Not that I'm knocking it. A GPU implements specific algorithms to great effect. But a GPU's algorithms are ones that are interesting for a specific application (drawing texture-mapped polygons), whereas an artificial neural network still needs another layer of programming to do something useful. In other words, a Word Processor implemented on this chip would not be 9000x faster than a Word Processor implemented on a CPU. A face recognition algorithm, on the other hand, might see a decent fraction of that 9000x, although it remains to be seen whether this chip would be a better fit for any particular application than a GPU (for example).

    • by Dynedain (141758)

      Even for only neural simulation, this should be a no-brainer.

      At $40,000 to perform the task of 9,000 PCs, you'd need the PCs to be $4.44 each in order to match the price to performance ratio of this board.

      I imagine the kinds of computing networks being used for neural simulation research are well in excess of that $40,000 price tags, so why wait for mass-production to bring the price down further? There's value today. Unless of course something is horribly off in the reporting.

      • by timeOday (582209)
        It would depend what you want to do. A person doing neuroscience would usually want to make their own neuron model, which is bound to differ from what is hard-coded in this device. A neuron model can be anything from a simple sigmoid function (but you can handle tens of millions) to a detailed electrochemical simulation.
  • It’s very very different; nerumorphic chips have been around for ages, they use the same phenomena the brain does (ion-flow across a neuron's membrane) using different a method (electron flow across a silicon membrane).

    The big difference is that they make use of analogue computation using the physical properties of electricity to model whatever you’re trying to model, whereas digital computers model things by representing quantities as symbolic values.

    So digital computers let you model something

  • That looks nice, but what problem does it solves?
  • In 1989 I was doing billions of connections per second on DataCube finite impulse response filter hardware to do the weighted sums, and hardware look up table for the sigmoid mapping for trainable multisource image segmentation for around $40,000 in off-the-shelf VME bus hardware, but that was in 1989 dollars, so I guess there has been some advancement.

  • I'd love to see a beowulf cluster of those!
  • of a brain. How do they plan to get and process that much I/O? Oh, and what storage scheme are they planning on?

    This might be yet another step on the way to a truly sentient artificial intelligence - but even if these things live up to their promise, we still have a long way to go before we artificially create consciousness. Incidentally, how will we know that we've succeeded? The old "ability to ask the question is the answer" rule doesn't apply, as the device could easily be programmed to ask - or mi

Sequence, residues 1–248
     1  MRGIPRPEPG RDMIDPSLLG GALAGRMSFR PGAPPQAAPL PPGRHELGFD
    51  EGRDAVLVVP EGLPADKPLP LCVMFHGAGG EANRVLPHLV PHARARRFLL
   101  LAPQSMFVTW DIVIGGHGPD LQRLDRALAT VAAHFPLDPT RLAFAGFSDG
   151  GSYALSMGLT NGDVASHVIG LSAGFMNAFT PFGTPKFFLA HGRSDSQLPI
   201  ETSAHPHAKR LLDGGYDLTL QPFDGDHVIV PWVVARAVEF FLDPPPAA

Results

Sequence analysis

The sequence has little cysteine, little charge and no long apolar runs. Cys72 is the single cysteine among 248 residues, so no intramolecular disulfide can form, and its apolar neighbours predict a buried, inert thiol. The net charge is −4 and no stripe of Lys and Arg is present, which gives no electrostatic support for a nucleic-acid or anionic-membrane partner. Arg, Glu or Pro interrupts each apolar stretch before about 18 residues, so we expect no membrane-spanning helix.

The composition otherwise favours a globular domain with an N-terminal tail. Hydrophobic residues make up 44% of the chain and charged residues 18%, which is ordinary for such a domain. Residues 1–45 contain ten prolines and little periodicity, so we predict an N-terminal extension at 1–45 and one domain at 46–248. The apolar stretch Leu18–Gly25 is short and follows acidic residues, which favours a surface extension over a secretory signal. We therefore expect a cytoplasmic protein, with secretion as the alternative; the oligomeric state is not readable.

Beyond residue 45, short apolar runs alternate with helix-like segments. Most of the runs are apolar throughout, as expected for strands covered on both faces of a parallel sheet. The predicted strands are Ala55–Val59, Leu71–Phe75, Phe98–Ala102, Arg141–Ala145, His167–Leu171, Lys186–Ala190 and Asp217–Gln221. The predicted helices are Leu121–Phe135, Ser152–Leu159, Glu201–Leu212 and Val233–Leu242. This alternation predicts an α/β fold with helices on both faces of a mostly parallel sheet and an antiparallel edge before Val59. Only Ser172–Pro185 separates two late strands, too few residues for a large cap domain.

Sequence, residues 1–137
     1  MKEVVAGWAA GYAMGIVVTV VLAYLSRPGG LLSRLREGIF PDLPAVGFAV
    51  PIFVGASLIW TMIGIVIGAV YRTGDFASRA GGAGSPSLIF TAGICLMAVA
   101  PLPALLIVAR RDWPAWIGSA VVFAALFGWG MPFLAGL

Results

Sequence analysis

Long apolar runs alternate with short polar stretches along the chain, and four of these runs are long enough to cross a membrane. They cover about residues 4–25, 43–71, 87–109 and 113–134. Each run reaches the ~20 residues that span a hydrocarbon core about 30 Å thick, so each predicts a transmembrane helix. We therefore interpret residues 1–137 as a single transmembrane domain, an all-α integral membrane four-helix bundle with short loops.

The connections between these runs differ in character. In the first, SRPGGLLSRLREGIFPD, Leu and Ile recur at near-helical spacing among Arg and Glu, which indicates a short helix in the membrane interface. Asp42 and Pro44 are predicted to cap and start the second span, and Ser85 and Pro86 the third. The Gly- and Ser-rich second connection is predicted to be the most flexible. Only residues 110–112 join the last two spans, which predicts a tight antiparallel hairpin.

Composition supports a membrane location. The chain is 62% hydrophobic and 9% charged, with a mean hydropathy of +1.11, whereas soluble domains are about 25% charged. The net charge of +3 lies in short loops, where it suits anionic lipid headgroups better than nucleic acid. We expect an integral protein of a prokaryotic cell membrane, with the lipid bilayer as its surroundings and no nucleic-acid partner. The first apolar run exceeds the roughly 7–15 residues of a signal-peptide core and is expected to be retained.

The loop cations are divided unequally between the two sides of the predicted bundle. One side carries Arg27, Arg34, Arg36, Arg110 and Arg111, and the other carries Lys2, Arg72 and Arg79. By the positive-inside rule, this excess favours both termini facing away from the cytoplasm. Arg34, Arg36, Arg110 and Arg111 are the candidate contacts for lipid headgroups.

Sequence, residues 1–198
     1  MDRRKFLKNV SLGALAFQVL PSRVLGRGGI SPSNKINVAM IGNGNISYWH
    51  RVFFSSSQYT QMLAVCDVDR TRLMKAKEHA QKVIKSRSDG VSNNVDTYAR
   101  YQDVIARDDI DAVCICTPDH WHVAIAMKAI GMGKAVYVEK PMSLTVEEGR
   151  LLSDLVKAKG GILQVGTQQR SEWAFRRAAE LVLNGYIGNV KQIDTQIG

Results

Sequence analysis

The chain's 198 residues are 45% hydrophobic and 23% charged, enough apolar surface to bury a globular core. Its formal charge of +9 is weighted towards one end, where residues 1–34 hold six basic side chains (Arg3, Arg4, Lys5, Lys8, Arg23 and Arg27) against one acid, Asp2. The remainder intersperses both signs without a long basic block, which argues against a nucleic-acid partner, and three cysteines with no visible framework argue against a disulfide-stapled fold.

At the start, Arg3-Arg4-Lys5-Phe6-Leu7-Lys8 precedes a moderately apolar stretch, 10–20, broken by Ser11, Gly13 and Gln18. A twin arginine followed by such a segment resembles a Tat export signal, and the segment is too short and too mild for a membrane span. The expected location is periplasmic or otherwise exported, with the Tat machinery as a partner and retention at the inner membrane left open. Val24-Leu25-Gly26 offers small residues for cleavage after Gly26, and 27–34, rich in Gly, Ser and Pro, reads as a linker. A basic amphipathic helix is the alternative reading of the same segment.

• ASIC's are faster than software!
    Stop the press everybody!

  • by Arkan (24212)

    At 400$ a pop, I'd be willing to shell the cash to have access to this kind of chip/board. There's at least one direct application I'd like to try: source code analysis. The current tools are quite powerful, mind you, but I'm sure the pattern recognition capabilities of such chips should be a lot better at pinpointing ill side effects, inefficiencies, memory leaks and such.

    Now, just imagine a biowolf cluster of those...

  • Stanford Bioengineers Develop 'Neurocore' Chips 9,000 Times Faster Than a PC

    First, as everyone has already pointed out, they won't be just plain "faster than a PC." They are custom chips designed to do a specific job, so it's not that surprising - if it's true.

    Because the article's lead-in reads:

    Stanford bioengineers have developed faster, more energy-efficient microchips based on the human brain – 9,000 times faster and using significantly less power than a typical PC.

    which is a little unclear as to whether the latter half refers to the new chips or to the human brain.

    And then the article says:

    The modest cortex of the mouse, for instance, operates 9,000 times faster than a personal computer simulation of its functions.

    which again does not refer to the new chips.

  • I wonder if this kind of mass parallel computing architecture, can lead to more efficient ray tracing algorithms.

TRANSACTION CANCELLED - FARECARD RETURNED

Working...